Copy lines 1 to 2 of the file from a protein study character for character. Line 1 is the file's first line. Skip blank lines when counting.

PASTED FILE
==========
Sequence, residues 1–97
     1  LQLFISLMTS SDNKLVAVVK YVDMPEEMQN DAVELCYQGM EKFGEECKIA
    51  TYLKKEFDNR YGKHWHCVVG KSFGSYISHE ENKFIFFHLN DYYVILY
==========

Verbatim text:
Sequence, residues 1–97
     1  LQLFISLMTS SDNKLVAVVK YVDMPEEMQN DAVELCYQGM EKFGEECKIA